Malawi making significant progress in ending HIV/AIDS

The Joint United Nations Programme on HIV/AIDS (UNAIDS) has disclosed that new HIV infections have declined by 61% from 2010 to 2021 in Malawi, a mark which has been attributed to the expansion of treatment in the country.

This has been stated in a recent 2022 Global AIDS update that UNAIDS has issued.

In an interview, UNAIDS Malawi Country Director Nuha Ceesay believes that Malawi is making positive strides in dealing with the disease and insists that this recent mark should not be a cause of complacency for people and stakeholders.

Ceesay: We should not relent.

“Ending AIDS as a public health concern in Malawi by 2030 is not a moving target but a realistic commitment that requires predictable partnership and sustainable funding, including the increased use of domestic resources. In that manner, we believe that all stakeholders must not relent at all as we have registered this mark,” Ceesay said.

Ceesay has also stated that Malawi has seen this decrease in the wake of dwindled cultural practices that have over the years propelled the disease.

‘’Mindset change is quite critical and that is the path this nation must take,’’ he said.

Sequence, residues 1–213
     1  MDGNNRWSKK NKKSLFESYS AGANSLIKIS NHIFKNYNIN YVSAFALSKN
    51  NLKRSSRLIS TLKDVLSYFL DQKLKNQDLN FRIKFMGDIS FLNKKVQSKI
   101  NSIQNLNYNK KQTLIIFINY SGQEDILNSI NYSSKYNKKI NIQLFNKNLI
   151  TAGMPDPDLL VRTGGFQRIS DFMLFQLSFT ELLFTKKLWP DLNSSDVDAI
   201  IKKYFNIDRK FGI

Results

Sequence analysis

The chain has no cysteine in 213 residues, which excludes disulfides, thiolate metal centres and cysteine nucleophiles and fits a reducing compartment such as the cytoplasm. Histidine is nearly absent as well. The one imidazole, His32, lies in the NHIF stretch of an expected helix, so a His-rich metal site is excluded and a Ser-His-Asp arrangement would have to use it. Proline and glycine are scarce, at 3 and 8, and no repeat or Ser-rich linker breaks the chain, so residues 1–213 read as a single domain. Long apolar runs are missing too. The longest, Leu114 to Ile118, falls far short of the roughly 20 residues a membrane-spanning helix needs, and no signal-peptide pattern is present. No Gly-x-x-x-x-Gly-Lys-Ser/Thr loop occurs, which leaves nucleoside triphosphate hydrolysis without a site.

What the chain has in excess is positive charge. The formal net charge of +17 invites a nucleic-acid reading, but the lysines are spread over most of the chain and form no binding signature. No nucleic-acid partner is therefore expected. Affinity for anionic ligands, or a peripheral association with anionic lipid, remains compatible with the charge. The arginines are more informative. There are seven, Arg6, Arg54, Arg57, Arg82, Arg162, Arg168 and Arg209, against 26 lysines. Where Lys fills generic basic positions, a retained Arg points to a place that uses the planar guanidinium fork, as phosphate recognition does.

According to Ceesay, in the latest findings, authorities attribute the progress to expanded HIV treatment with a focus on reaching both women and their partners through antenatal care.

This, is attached to more improved health service delivery and stigma that has been associsated with people affected by the pandemic.

Meanwhile, the report has also signaled positive efforts in seeing an end of tuberculosis related deaths.

Malawi is among top nations that have realized significant levels in ending such deaths from the same stipulated period of time.

‘’Among 30 tuberculosis–HIV high-burden countries, the most significant declines in tuberculosis-related deaths among people living with HIV occurred in Ethiopia (84% decline), India (81% decline), Malawi (77% decline), South Africa (77% decline), the United Republic of Tanzania (75% decline), Thailand (74% decline), Eswatini (72% decline) and Kenya (72% decline), ‘’ reads the report.

 

 

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